30 East 31st is a perfect representation of present day NoMad – a harmonious blend of the Empire State building and Chrysler building reinterpreted in the present and reflecting the future.
88 & 90 Lexington
Renderings via 88 & 90 Lex
The two adjacent buildings on Lexington merge pre- and post-war design: a 1927 renovated Art Deco featuring pre-war details and a 1958 modernist building showcasing mid-century simplicity. 88 & 90 Lex offers 118 one- to four-bedroom condominiums with interiors by design firm Workshop/APD.
88 Lexington features high ceilings and “gallery-inspired walls.” Together, the two buildings share over 8,000 square feet of amenities ranging from a pool and cinema to a gym and residents’ lounge.
Beth Stern, a broker at Corcoran, says, “the neighborhood immediately surrounding 88 & 90 feels more residential but as soon as you take a few steps away from the buildings, the whole neighborhood changes. Gramercy Park is to the south. A few steps to the west and you get to Madison Square Park with a little more going on and excitement. Then if you head up the street, it’s always crowded with lunch and brunch goers. It’s a very convenient neighborhood.”
172 Madison Avenue
Renderings via 172 Madison Avenue
This 33-story building offers 69 homes, including four penthouses, one mansion, and a SkyHouse. Eran Chen of ODA designed the Penthouses and SkyHouse while Karl Fischer Architects were responsible for the overall building design.
Renderings of the SkyHouse via 172 Madison Avenue
The SkyHouse is a three-story home with living room ceiling heights of nearly 23 feet, a mezzanine level, a private glass-walled elevator, a private staircase, over 5,500 interior square feet with another 3,000 square feet of exterior balconies and terraces including a full private roof deck, a swimming pool and a glass-walled Jacuzzi, looking out onto the Manhattan skyline.
The building incorporates loft-like attributes, such as 11-foot ceilings, into a new building with a full complement of amenities not available in conversions. These include a pool, steam room, health club, pet spa and playroom.
The Whitman, via CityRealty
The Whitman is a six-story building at 21 East 26th Street across from Madison Square Park. It was converted to four large condominium apartments in 2013 by David Mitchell of Mitchell Holdings. The building has four full-floor units, and at one point, they were owned by Chelsea Clinton, J. Lo (her penthouse is on the market), NASCAR driver Jeff Gordon, and hedge fund manager John Silvetz.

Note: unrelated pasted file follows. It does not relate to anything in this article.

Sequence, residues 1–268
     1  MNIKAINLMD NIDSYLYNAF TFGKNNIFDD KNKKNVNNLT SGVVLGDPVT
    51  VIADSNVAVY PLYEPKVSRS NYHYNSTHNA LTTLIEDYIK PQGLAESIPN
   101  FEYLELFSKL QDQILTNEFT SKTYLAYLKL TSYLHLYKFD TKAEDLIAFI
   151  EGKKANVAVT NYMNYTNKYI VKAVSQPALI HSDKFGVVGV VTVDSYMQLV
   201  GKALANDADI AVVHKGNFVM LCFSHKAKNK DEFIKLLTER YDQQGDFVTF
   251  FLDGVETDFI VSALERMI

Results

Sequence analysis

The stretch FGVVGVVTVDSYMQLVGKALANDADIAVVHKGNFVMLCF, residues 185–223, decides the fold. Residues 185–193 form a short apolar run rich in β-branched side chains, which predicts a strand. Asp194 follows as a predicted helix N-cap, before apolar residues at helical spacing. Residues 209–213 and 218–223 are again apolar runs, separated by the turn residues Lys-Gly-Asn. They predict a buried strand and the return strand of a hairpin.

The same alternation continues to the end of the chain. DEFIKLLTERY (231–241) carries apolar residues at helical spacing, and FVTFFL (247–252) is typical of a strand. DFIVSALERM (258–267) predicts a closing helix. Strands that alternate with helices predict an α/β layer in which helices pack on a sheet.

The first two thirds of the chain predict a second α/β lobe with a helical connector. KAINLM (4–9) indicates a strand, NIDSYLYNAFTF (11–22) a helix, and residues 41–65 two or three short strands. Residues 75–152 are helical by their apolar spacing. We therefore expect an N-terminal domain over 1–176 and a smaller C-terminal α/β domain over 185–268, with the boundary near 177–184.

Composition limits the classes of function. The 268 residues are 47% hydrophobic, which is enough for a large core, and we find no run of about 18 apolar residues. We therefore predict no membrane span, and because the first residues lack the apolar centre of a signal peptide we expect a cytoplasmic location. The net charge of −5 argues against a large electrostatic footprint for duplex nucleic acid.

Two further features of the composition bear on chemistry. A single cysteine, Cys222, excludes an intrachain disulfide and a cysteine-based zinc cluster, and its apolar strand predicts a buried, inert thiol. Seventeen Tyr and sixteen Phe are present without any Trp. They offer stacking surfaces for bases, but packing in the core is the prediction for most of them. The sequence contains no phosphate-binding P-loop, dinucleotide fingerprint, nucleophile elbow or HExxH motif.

212 Fifth Avenue
Via 212 Fifth
Built in 1912, the neo-medieval 212 Fifth Avenue was originally a commercial building. Influenced by the Woolworth building, its steel skeleton was innovative for being one of the first skyscrapers of the time.
Rendering by Visualhouse for Helpern Architects
Helpern Architects restored and converted 212 5th Avenue into a 24-story luxury condominium with 48 apartments and two penthouses with their own terraces. The architects moved the main entrance to be centered on West 26th Street, and the crenellated parapet at the top of the building was restored to its historic elegance.
Renderings of NOMA, courtesy of FX Collaborative
Designed by FX Collaborative, the NOMA is a 24-story tower with 55 condominiums. The building’s amenities include a fifth-floor landscaped terrace, library, lounge, and fitness area.
Rendering of NOMA’s penthouse, courtesy of FX Collaborative
Timothy McCarthy, Senior Sales Director at Alchemy Properties, states, “The NOMA at 50 W 30th Street pays homage to the neighborhood with its striking hand-laid brick facade and industrial neo-Bauhaus-inspired design. It’s distinctive aesthetic compliments NoMad, the most thriving section of Manhattan that continues to attract the best names in cuisine, retail, fitness and culture.”
277 Fifth Avenue
Courtesy of 277 Fifth Avenue
The Rafael Viñoly-designed 277 Fifth Avenue is a 55-story building with 133 condominiums. Viñoly placed columns at the building’s base to keep the inside free from structural elements. This feature allows for alternating floor-to-ceiling windows, which frame the view, and solid walls, to display art. Viñoly says, “This building belongs to Fifth Avenue.”
Ran Korolik, Executive Vice President of Victor Group says, “Nomad has rapidly transformed into the cultural epicenter of Manhattan and recently blossomed into a thriving luxury residential community. 277 Fifth elevates the caliber of condo product in NoMad, an already posh destination.”
Interior rendering of 277 Fifth courtesy of Jeffrey Beers